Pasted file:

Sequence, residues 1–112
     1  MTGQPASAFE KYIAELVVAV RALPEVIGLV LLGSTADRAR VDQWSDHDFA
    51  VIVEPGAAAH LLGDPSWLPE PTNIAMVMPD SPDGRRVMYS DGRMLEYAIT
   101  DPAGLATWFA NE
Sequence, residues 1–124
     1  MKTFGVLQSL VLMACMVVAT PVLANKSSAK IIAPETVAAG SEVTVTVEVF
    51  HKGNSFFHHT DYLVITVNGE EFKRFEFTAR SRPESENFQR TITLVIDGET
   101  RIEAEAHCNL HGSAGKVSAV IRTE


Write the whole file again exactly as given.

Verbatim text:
Sequence, residues 1–112
     1  MTGQPASAFE KYIAELVVAV RALPEVIGLV LLGSTADRAR VDQWSDHDFA
    51  VIVEPGAAAH LLGDPSWLPE PTNIAMVMPD SPDGRRVMYS DGRMLEYAIT
   101  DPAGLATWFA NE
Sequence, residues 1–124
     1  MKTFGVLQSL VLMACMVVAT PVLANKSSAK IIAPETVAAG SEVTVTVEVF
    51  HKGNSFFHHT DYLVITVNGE EFKRFEFTAR SRPESENFQR TITLVIDGET
   101  RIEAEAHCNL HGSAGKVSAV IRTE